Here's four ways that idling impacts your compact equipment
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What effect does idling have on not just fuel costs but your compact equipment in general? Whether you’ve got a CTL, SSL, or mini-excavator, idling is definitely something you should be thinking about -- especially with diesel prices so high.
Komatsu estimates that the average amount of time that a machine spends idling is about 40% (based on actual telematics data for their equipment). So for every 100 hours of operation, your equipment could easily be idle for 40 of those hours. If the average diesel engine burns about 0.5 gallons per hour (which is a conservative estimate) when idle, you’ve wasted about 20 gallons of diesel.
With diesel costing about $5 a gallon right now, that $100 spent just idling your machine. You end up burning fuel that isn’t doing any work. And these numbers are even worse for older equipment that isn’t built to modern efficiency standards and for equipment that hasn’t been maintained.
In addition, idling increases the hour meter reading on your equipment. That hour meter doesn’t know if the equipment is actively being used or just sitting there. Another issue with higher hour-meter readings is the impact it can have on your machine’s value when you get ready to sell it. Lower readings typically translate into higher costs for buyers because they indicate how much the machine has actually been used. However, machines left idling can end up with a lower value even if they haven’t actually been used much.
Hour meter readings can also unnecessarily shorten your warranty coverage. This can translate into repair costs that you shouldn’t have to pay otherwise. And when your equipment isn’t properly covered, you aren’t getting the value from it that you should.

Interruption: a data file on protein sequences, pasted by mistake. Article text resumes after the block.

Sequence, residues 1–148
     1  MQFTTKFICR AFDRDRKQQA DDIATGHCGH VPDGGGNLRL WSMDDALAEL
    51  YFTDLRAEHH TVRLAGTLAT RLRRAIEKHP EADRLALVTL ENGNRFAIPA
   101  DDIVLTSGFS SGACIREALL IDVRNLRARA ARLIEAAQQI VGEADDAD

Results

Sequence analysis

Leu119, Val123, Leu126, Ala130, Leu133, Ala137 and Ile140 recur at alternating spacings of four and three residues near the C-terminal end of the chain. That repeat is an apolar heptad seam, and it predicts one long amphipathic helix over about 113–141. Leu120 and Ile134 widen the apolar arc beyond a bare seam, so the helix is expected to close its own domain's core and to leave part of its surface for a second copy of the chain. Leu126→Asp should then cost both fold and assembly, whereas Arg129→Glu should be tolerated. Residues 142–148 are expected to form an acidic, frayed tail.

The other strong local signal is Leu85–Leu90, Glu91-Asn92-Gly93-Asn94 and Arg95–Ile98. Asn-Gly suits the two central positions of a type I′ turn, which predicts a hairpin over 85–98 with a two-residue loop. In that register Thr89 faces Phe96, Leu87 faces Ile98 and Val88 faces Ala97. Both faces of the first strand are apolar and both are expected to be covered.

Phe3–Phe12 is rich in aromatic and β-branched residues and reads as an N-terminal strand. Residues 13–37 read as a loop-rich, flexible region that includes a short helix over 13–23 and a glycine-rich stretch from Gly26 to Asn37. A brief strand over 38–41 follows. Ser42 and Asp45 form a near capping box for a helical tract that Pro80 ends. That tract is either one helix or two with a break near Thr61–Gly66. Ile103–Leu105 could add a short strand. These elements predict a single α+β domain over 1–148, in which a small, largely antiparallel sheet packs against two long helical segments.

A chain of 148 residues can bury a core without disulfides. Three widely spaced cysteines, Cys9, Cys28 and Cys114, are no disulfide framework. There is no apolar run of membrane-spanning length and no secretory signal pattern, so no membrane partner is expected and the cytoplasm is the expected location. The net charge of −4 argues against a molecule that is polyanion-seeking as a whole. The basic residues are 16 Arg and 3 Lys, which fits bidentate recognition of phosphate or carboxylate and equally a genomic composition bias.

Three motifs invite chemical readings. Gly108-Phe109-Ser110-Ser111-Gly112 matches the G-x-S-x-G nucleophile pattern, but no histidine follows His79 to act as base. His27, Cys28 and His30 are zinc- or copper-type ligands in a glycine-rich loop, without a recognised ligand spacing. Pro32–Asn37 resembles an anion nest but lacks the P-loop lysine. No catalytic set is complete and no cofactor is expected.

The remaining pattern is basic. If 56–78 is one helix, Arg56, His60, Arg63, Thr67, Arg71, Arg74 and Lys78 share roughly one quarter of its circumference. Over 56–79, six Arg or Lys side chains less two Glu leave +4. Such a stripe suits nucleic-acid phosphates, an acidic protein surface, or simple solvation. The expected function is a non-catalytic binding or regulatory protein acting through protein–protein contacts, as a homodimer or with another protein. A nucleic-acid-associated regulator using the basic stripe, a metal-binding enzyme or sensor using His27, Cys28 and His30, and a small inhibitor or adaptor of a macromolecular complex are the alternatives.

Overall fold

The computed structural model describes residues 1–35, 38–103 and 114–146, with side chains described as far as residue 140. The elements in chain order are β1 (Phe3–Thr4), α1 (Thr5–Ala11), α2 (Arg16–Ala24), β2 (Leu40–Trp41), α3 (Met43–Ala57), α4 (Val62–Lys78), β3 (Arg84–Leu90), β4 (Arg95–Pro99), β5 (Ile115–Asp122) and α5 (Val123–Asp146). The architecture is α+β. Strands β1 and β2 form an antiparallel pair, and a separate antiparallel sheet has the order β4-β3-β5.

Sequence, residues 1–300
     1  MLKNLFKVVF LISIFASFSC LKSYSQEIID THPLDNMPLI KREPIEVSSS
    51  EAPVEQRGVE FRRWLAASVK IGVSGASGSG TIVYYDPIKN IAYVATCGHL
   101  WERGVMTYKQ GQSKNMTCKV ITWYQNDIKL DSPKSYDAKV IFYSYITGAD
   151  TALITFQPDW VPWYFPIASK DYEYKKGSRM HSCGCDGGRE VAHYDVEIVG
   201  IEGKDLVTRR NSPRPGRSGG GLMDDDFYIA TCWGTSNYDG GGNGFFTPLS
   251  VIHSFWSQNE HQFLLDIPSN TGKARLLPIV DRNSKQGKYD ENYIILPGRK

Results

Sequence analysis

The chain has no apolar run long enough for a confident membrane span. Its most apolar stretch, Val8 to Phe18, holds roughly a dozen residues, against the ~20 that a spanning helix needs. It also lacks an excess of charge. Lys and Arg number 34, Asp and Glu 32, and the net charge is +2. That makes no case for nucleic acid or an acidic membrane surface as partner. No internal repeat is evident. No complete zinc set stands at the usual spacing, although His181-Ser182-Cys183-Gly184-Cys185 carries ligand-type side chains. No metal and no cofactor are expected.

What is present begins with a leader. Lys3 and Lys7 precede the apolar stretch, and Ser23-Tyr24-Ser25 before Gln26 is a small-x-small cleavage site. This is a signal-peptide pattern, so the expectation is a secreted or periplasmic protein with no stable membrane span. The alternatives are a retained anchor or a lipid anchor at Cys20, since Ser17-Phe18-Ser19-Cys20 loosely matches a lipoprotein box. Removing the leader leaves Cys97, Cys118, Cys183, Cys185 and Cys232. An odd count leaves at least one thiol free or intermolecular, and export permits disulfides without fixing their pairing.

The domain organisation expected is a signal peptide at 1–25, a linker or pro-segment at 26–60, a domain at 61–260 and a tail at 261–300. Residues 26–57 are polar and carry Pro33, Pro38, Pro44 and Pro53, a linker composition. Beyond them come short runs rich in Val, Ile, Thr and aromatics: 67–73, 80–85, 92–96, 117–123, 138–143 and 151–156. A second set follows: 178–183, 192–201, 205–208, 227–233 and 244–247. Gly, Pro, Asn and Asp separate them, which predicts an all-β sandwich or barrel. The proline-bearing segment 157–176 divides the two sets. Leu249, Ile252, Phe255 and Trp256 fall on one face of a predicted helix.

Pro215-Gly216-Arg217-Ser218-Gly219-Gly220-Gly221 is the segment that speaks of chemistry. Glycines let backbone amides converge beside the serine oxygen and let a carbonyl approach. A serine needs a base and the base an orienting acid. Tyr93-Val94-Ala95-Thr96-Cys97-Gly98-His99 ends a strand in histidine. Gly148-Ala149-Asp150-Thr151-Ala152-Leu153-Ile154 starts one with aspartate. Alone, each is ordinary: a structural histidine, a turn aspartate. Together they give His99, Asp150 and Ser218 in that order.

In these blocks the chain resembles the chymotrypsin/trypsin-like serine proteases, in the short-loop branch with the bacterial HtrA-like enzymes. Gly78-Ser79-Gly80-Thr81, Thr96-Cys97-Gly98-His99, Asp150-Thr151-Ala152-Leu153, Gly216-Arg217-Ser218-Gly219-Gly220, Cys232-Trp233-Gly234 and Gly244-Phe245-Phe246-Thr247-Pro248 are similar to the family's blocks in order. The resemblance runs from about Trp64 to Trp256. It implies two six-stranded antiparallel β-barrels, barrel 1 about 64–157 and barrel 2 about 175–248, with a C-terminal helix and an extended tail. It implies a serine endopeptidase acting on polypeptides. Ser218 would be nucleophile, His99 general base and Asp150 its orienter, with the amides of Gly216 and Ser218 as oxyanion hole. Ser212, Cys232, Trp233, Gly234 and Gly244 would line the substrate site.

Another complication that comes from idling is engine wear. The risk of damage is far lower for newer machines. However, in older machines there can be problems with scarring in cylinder walls and rings leading to compression loss in the crankcase and possibly fuel dilution. Even in new machines, there can be additional maintenance necessary, primarily in connection with soot buildup. And don’t forget that excessive machine hours can accelerate how often your equipment needs preventive maintenance.
Idling and the Real World
We know that you can’t eliminate idling -- but you can minimize it. For example, experts recommend that you limit engine warm up and cool down to no more than 5 minutes, but that depends heavily on the environmental conditions at your site. For compact equipment like skid steer loaders and compact track loaders, avoid idling more than 5 minutes during breaks and when you’re waiting to load/unload.
Another means of minimizing idle time is to try to match the capacity of your equipment so that excessive waiting isn’t involved between loading/unloading -- if you have enough equipment to do so.
We know that idling won’t affect your final drive motors, but it will affect the engines that power them. Minimizing the time spent idling can reduce your fuel costs, better optimize your M&O costs, and help you maintain the value of your compact equipment. And if you need a final drive motor, we've got both new and reman options for all your compact equipment.